Chef Dina Altieri, CEC, CCE, CHE, is a graduate of the Culinary Institute of America. In 1997 she began her career as a culinary educator and department chair at the California School of Culinary Arts in Pasadena, Calif. She earned a Bachelors of Liberal Arts degree from Johnson State College in 2005 while working as chef instructor and associate dean for the New England Culinary Institute. In 2008 Chef Altieri joined the faculty at Kendall College and earned a Master of Science degree in Higher Education from Walden University. In 2011 she earned the designation of ACF National Chef Educator of the Year and has coached Kendall’s nationally acclaimed ACF Culinary Knowledge Bowl team. In 2015, Chef Altieri was named the Dean of the School of Culinary Arts. Here she discusses culinary education for today’s technology-forward students.
FE&S: We have heard the term “applied learning” used when it comes to culinary education. What does that mean in your view?
DA: In addition to needing hands-on kitchen skills, students also need to learn and master key business skills. That said, our business is completely dependent on people who can perform in a hands-on, practical setting. The stronger your curriculum bends to applied learning, the more ready for the world students will be. When we write curriculum we’re taking into account a lot of things, but first and foremost, we’re focused on making sure the program meets a list of outcomes that we want the students to learn.
FE&S: Constant evaluation and measurement is important to all food-related businesses today, and as you note, very important in culinary education. But when you say “measure” skills, how does that work beyond just examinations?
DA: We measure and evaluate the students’ progress using different mapping techniques and by starting with the end goal and working backward. For example, I think about all the skills graduates should have, and put them into “buckets.” There might be a “bucket” for technical skills, another for sanitation, service knowledge or nutrition. Then we assess the student’s grasp of these areas through examinations and instructor feedback.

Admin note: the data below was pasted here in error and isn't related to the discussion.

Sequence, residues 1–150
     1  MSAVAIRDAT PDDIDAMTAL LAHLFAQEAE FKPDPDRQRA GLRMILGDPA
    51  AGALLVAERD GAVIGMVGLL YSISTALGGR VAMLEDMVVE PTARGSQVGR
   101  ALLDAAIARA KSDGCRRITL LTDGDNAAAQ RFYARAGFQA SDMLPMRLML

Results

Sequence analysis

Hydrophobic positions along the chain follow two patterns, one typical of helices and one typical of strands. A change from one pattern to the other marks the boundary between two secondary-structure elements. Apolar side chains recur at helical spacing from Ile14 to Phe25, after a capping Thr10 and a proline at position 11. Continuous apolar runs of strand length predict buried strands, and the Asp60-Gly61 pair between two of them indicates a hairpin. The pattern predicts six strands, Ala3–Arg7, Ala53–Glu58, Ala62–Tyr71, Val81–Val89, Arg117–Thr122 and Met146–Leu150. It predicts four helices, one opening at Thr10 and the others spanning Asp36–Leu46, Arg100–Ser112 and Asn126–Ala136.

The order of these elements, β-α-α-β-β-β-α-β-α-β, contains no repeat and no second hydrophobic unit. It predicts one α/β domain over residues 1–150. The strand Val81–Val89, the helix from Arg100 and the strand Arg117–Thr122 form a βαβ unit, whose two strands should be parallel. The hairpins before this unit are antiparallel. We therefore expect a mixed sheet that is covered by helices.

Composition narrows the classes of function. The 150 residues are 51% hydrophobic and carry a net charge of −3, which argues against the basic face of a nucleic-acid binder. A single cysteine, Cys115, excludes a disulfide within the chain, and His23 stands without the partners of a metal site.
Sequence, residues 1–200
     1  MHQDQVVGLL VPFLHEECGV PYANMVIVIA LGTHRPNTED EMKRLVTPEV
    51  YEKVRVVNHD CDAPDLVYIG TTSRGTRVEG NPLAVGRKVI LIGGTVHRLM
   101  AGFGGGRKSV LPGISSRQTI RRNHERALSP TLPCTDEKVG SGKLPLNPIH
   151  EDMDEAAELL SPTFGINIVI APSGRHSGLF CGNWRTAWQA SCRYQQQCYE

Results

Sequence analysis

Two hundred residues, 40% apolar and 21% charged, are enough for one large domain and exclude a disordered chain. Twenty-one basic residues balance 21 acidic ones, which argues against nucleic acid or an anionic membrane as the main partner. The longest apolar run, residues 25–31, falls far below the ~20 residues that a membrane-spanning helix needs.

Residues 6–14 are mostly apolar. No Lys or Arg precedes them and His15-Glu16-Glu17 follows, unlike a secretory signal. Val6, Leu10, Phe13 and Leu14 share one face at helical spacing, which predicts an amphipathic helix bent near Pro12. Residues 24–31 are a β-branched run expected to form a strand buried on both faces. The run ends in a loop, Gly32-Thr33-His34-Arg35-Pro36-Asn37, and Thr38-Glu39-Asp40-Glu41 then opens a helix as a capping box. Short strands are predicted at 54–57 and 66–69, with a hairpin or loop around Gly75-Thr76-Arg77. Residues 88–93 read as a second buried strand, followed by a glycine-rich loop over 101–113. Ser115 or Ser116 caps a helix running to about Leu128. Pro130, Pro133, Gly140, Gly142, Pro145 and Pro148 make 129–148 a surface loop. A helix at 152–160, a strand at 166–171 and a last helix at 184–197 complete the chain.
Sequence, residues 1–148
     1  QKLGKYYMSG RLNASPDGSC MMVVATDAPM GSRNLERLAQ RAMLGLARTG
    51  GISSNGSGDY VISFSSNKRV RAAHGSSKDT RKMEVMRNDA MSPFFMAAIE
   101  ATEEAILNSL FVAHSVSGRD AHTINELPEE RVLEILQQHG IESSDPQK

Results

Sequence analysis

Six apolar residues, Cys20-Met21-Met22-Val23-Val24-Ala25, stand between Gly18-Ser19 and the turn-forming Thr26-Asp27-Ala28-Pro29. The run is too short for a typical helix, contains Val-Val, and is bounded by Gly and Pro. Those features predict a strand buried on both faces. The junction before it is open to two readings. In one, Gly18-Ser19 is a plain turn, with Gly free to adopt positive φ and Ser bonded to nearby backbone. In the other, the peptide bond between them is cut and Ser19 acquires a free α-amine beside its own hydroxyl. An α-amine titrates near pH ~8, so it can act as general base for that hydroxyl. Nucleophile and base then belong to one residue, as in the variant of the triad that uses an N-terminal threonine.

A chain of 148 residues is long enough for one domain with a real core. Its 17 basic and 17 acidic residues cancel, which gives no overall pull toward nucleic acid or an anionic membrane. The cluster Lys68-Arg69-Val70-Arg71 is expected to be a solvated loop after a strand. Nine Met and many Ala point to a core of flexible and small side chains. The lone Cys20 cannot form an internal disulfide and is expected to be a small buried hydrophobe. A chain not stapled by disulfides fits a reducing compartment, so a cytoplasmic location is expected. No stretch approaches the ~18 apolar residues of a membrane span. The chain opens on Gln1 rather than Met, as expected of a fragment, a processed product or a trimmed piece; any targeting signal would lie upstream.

Certain skills we deem more important to grasp faster than others. Knife skill proficiency we put in the first quarter, and often we will repeat that skill training in the following quarter and measure it three different times. One time, we noticed students were having trouble sautéing greens — they were too overcooked or too greasy or over-seasoned. So we went back and reformulated that education in an earlier quarter. You can map everything from professional skills, leadership, soft skills, business acumen, cost control, purchasing, storeroom operations, the ability to write an email, a cover letter, math skills — it’s not just about julienning vegetables and cooking soup.
FE&S: What are biggest changes to culinary arts curriculum today?
DA: I think the biggest one is incorporating more technology and visual learning in the delivery model. Gone are the days where you can stand up and lecture for two hours. The current college-age students do not do well with chalk-and-talk delivery. They do better watching videos or a PowerPoint with images. In other words, the instructor becomes more of a facilitator rather than a lecturer. Students these days can multitask a lot better than my generation. They can listen to music, lightly read and take a quiz all at the same time.
FE&S: What have been the biggest changes when it comes to education in the kitchens?